• distributions by an issuer where the purchaser is an issuer acting as principal;
  • where the distribution is by or for the issuer or owner by means of an isolated sale that is not made in the course of continued or successive sales of the same security;
  • a distribution made to fewer than 50 purchasers each of whom is a “sophisticated purchaser”[4]; or
  • a distribution by way of a “limited offering”[5].

Private Placement

Under the private placement regime in Barbados, certain offers/distributions of securities are not treated as offers to the public for the purposes of the Securities Act. These offers do not trigger registration of the issuer as a reporting issuer or registration of the security. The issuer is however required to file a report with the FSC within 10 days of the completion of the sale.

Listing of the security token on an Exchange

Issuers of security tokens are able to list their security tokens on the International Securities Market of The Barbados Stock Exchange Inc. (“BSE”). They will however be required to have a Listing Sponsor to assist them with the process. Listing Sponsors such as our affiliated entity, ListAssist Services (Barbados) Ltd. are available to assist with such listings. The BSE is also in the process of putting the mechanisms in place that will facilitate the trading of security tokens.

STOs benefit the end-users and projects themselves. Private and/or public offerings of security tokens enable access to a pool of investors without sacrificing regulatory oversight. Barbados has a regulatory framework that facilitates the issuance of security tokens and therefore investors can consider Barbados in the structuring of their STOs.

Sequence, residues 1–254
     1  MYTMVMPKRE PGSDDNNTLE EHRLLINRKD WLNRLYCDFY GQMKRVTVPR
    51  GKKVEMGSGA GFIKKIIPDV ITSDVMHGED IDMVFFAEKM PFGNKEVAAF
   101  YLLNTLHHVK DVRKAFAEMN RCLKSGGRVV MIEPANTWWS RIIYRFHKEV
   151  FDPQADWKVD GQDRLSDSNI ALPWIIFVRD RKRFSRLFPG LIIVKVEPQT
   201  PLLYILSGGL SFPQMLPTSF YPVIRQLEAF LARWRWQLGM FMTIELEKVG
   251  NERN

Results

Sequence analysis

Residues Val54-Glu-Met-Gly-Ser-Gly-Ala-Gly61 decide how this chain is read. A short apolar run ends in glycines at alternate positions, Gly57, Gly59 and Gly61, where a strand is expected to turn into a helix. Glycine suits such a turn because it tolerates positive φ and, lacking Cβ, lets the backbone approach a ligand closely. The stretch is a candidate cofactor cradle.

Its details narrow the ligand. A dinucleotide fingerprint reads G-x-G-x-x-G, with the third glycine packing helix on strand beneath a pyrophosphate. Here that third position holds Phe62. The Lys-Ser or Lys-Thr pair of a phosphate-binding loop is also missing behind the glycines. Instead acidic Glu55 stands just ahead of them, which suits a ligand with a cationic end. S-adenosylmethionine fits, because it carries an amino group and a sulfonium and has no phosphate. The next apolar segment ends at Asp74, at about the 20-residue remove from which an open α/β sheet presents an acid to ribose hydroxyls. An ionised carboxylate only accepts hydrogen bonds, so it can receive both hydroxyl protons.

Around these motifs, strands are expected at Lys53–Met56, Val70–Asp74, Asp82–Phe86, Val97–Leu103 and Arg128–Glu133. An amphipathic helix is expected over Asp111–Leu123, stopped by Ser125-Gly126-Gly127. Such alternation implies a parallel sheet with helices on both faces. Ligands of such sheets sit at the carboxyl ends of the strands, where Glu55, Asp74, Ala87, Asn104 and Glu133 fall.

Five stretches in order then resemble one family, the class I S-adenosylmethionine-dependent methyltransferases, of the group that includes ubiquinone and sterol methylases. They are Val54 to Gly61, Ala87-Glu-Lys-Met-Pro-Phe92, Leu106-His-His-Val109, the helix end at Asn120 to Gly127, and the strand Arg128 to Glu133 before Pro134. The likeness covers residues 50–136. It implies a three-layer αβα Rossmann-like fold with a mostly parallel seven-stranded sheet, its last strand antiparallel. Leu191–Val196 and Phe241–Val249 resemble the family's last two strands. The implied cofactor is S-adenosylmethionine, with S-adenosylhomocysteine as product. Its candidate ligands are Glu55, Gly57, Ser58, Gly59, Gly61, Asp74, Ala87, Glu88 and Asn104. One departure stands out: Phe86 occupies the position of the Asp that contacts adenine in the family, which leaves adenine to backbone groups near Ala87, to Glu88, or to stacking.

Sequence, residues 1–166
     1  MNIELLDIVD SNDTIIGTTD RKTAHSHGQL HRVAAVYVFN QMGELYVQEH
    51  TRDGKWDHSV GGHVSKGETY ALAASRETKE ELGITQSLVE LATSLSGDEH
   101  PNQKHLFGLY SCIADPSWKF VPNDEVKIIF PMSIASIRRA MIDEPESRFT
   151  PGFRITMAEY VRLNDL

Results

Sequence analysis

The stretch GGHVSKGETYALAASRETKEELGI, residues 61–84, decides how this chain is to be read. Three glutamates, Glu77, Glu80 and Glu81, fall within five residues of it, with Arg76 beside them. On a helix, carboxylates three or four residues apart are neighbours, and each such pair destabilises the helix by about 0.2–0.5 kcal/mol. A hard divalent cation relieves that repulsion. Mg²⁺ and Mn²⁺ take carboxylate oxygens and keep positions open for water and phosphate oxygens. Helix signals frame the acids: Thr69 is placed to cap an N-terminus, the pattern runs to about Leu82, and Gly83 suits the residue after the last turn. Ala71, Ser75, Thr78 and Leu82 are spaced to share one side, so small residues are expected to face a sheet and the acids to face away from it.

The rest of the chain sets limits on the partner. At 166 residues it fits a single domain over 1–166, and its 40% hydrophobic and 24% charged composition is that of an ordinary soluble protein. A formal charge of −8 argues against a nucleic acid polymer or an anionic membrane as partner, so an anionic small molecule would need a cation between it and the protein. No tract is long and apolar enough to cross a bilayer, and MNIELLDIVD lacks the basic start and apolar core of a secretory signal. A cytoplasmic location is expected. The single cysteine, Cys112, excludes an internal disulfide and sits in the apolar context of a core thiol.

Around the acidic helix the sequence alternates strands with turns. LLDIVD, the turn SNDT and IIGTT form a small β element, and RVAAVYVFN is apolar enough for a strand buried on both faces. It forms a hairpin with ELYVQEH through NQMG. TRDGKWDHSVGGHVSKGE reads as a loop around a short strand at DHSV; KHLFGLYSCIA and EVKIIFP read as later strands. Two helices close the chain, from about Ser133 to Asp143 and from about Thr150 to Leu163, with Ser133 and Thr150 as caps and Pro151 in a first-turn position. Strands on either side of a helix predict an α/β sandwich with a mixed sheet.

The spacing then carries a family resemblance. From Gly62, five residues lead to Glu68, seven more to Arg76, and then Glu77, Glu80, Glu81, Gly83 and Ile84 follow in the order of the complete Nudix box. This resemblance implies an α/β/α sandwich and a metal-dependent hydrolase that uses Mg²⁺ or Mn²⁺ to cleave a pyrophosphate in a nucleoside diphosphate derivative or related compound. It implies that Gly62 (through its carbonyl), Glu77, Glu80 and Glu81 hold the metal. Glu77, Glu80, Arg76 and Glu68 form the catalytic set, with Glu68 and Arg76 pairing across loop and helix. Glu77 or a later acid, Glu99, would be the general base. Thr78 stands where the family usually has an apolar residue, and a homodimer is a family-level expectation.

[1] A blockchain is a distributed ledger which can record and verify transactions on a computer network without the help of centralized institution such as an exchange or clearing house. The blockchain is said to be ideal for reducing transaction costs by decentralizing the maintenance of the ledger and delegating the task to users on its network. It secures finality of a transaction by making a record of the transaction extremely difficult to be altered when its verification process is completed. (Andrew Henderson and James Burnie, “Blockchain: mitigating or aggravating regulatory risk?”, Butterworths Journal of International Banking and Financial Law, May 2016 at p. 293).

[2] A token is a unit of value issued by a technology or crypto start-up, intended to be a piece in the ecosystem of their technology platform or project. Tokens are supported by blockchains. They only physically exist in the form of registry entries on the said blockchain. They are generally sold for fiat or cryptocurrency in order to fund the start-up’s technology project.

[3] The definition of ‘securities’ set out in the Securities Act, Cap. 318A of the laws of Barbados (“Securities Act”) does not expressly refer to digital assets however, the question of how a token is considered a security would be likely examined on the basis of whether the token is an “investment contract”, that is to say, an investment by a person in a common enterprise with a reasonable expectation of profits derived substantially from the entrepreneurial or managerial effort of other persons.

[4] As defined in the Securities Act.

[5] As defined in the Securities Act.

Nicola Berry FCIArb.

Nicola A. Berry provides advice to local, regional and international business clients on corporate and commercial law matters including, corporate finance, financial regulation, securities law, capital markets, fintech related matters, mergers and acquisitions, energy related matters, competition law, aviation law and international commercial arbitration